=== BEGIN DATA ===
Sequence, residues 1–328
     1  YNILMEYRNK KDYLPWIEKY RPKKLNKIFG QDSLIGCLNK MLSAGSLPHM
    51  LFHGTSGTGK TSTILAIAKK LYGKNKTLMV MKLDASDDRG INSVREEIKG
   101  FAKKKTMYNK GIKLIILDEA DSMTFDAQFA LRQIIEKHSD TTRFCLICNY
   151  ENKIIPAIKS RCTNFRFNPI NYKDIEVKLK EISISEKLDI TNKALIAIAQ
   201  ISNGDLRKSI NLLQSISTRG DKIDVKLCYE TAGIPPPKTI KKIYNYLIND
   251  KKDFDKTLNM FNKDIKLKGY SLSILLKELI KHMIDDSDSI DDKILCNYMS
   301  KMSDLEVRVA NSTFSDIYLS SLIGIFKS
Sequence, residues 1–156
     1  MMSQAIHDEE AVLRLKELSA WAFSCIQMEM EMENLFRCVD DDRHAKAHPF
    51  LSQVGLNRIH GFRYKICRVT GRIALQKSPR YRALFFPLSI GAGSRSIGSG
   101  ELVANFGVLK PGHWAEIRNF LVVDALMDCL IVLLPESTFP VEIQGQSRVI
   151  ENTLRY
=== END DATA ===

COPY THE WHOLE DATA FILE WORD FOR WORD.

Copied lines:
Sequence, residues 1–328
     1  YNILMEYRNK KDYLPWIEKY RPKKLNKIFG QDSLIGCLNK MLSAGSLPHM
    51  LFHGTSGTGK TSTILAIAKK LYGKNKTLMV MKLDASDDRG INSVREEIKG
   101  FAKKKTMYNK GIKLIILDEA DSMTFDAQFA LRQIIEKHSD TTRFCLICNY
   151  ENKIIPAIKS RCTNFRFNPI NYKDIEVKLK EISISEKLDI TNKALIAIAQ
   201  ISNGDLRKSI NLLQSISTRG DKIDVKLCYE TAGIPPPKTI KKIYNYLIND
   251  KKDFDKTLNM FNKDIKLKGY SLSILLKELI KHMIDDSDSI DDKILCNYMS
   301  KMSDLEVRVA NSTFSDIYLS SLIGIFKS
Sequence, residues 1–156
     1  MMSQAIHDEE AVLRLKELSA WAFSCIQMEM EMENLFRCVD DDRHAKAHPF
    51  LSQVGLNRIH GFRYKICRVT GRIALQKSPR YRALFFPLSI GAGSRSIGSG
   101  ELVANFGVLK PGHWAEIRNF LVVDALMDCL IVLLPESTFP VEIQGQSRVI
   151  ENTLRY